The law students helping these individuals are directed by Alison Guernsey, the director of the Federal Criminal Defense Clinic, a clinical associate professor, and a former federal public defender. For Professor Guernsey, “It is impossible to spend a career representing people you know should have another shot at life outside of prison walls and not see litigating compassionate release motions as both a professional and deeply personal obligation.”
This obligation is something that Professor Guernsey hopes to pass on to her students in the clinic, as well as a sense of joy and purpose from being a lawyer. She hopes that they find “a real recognition that our clients are people, just like you or me, and that their lives have value regardless of their convictions.”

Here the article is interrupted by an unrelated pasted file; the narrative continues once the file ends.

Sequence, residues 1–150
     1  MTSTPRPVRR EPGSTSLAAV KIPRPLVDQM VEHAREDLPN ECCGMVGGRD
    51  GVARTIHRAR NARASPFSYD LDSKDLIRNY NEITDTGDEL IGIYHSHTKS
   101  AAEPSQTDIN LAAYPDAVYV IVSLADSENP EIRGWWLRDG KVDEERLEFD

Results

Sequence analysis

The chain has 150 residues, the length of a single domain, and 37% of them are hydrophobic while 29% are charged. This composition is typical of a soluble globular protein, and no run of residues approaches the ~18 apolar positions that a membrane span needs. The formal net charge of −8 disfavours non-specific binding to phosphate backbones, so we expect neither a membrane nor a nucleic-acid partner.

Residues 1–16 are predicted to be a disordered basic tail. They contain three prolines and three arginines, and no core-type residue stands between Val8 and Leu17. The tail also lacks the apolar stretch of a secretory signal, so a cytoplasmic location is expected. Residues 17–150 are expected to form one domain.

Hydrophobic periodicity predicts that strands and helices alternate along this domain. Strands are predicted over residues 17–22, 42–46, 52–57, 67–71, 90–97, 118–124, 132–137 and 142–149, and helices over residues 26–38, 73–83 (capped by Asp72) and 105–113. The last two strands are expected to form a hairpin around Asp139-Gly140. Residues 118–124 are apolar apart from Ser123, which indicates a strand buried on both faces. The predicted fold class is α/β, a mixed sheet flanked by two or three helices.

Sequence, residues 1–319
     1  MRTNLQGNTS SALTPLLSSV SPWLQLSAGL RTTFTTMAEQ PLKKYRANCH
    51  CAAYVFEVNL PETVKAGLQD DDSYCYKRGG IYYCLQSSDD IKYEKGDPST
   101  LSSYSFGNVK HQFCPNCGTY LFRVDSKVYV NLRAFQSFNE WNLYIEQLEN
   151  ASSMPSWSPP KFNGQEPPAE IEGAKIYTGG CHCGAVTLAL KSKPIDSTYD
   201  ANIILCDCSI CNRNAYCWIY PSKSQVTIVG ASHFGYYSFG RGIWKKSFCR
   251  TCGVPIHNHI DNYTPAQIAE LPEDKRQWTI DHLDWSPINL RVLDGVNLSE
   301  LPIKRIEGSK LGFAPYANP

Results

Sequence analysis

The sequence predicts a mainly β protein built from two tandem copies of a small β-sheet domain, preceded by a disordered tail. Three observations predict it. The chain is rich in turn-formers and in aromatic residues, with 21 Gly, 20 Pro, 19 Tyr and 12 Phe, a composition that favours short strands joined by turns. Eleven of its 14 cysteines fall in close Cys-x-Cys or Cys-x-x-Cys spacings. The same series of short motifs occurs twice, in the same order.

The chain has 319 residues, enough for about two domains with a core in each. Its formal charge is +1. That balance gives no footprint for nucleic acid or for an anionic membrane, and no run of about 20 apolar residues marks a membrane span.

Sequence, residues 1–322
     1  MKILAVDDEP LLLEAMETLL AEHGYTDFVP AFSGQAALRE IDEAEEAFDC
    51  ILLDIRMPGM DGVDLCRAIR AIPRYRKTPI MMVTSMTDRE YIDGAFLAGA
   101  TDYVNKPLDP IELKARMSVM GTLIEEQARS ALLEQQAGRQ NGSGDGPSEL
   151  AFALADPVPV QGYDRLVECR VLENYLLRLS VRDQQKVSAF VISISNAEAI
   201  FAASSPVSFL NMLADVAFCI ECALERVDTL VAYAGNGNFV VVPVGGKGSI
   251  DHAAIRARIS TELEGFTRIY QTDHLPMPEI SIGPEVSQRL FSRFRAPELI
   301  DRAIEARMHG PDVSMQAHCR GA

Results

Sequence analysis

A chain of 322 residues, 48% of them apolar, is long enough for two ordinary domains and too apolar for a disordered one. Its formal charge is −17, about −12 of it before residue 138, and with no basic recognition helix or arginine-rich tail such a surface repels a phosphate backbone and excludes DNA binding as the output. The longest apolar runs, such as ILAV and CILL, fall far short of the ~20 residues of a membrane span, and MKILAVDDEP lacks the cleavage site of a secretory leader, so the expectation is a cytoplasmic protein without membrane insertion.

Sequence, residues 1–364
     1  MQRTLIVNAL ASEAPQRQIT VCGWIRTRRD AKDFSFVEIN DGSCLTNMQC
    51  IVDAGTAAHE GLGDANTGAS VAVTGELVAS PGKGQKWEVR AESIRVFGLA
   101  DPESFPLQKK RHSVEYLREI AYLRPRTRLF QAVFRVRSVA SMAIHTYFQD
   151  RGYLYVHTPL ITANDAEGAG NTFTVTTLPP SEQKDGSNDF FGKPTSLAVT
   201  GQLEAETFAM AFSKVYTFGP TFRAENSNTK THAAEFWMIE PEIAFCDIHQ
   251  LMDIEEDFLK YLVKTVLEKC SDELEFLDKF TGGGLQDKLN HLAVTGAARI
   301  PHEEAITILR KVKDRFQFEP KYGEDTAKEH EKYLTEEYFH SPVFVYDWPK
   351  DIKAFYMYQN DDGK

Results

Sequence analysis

For Daniel Brown, a client of the clinic, Professor Guernsey and her law students were a valuable tool in challenging the Government’s appeal of his compassionate release. His 42-and-a-half-year sentence was reduced to 19-years by the Honorable Robert W. Pratt in April 2020. “When the law clinic took my case, it was like a sigh of relief,” Brown says. “[T]hat’s what I want you and your students to know; that it does matter.” Without the support of the clinic, Brown would have had to navigate the appeal on his own because after almost 20 years in prison, he did not have the money to hire an attorney.